Don’t let the name fool you – there’s nothing stealthy about this device.
The MSI GS77 Stealth has long been the portable option among MSI’s gaming elite, and while that fact remained in doubt with last year’s 5.4-pound GS76 Stealth, the 0.79-inch GS77 thick and 6.17 pounds this year actually launched this idea into the Sun. This laptop is big, thick and chunky, and while it lacks the light strips and LED grilles that other flashy gaming laptops have, its RGB keyboard still makes it very clear that it’s first and foremost. intended for games.
That’s not necessarily a huge knock against the device – the GS76 was pretty light for what it was, and the GS77 brought the Stealth series back in line with the rest of the 17-inch market. It now weighs a little more than Razer’s Blade 17 and Asus’ Zephyrus S17. And it’s almost the same weight as MSI’s more powerful GE76 Raider.
One can understand why MSI may have wanted to get bigger, as the chips inside have fried just about every chassis they’ve touched this year. The model sent to us features a 12th Gen Core i7-12900H – one of the most powerful mobile chips in Intel’s history – paired with Nvidia’s RTX 3070 Ti, 32GB of RAM and 1TB of storage, all powering a 240Hz QHD display.
But the new girth takes away a major advantage the GS77 had over those models: the GS77 Stealth seems to have lost some of what made it desirable as a ‘portable’ purchase. The keyboard is flat, the touchpad is uncomfortably stiff, battery life isn’t good, and the device is too big and heavy to reliably carry anywhere. What we’re left with is a computer that demands many of the same compromises as the most powerful gaming laptops on the market without delivering the same stellar frame rates.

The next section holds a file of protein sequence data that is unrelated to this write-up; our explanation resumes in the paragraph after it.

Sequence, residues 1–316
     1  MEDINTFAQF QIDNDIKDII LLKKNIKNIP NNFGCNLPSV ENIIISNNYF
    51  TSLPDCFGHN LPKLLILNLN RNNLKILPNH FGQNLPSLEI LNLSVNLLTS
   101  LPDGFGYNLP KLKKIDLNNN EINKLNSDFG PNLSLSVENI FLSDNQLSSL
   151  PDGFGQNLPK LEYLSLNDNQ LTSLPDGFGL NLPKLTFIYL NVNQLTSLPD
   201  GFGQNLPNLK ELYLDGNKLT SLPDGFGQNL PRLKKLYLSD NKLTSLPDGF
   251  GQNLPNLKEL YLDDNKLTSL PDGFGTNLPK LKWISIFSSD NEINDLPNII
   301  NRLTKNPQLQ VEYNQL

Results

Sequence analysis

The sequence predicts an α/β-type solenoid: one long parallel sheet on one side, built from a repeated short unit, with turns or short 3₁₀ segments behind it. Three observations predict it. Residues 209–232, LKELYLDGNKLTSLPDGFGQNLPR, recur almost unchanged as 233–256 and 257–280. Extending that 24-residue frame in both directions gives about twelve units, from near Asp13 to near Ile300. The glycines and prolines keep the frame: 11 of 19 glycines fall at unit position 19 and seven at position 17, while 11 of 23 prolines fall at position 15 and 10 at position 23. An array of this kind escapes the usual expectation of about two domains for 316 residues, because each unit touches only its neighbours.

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The main advantage of the Stealth is now its price. My test unit is currently listed at $2,899. Getting that GPU in the GE76 Raider (which has an even beefier Core i9 as well as a fancier design) would cost $100 more, while a QHD Razer Blade 17 with the 3070 Ti would cost $3,399.99. I was also able to find GS77 models for as little as $1,799 (for a 144Hz 1080p display, RTX 3060, and 16GB of RAM), while the cheapest Blade on Razer’s site is $2,799. $ and the 12th Gen Raider starts at $2,299. Still, $2,899 isn’t a budget price, and it’s worth knowing what trade-offs you make for that lower cost.
First of all, the aspect of the GS77 which is an undeniable improvement compared to last year: the quality of manufacture. I’ve had gripes about MSI’s chassis in the past, but the GS77’s base and lid are both sturdy and inflexible. The trackpad picked up fingerprints fairly easily, but the rest of the chassis wasn’t too much of a magnet for them. It’s a nice looking computer, and it hasn’t picked up any scratches or dents from being beaten up in a suitcase for a few days.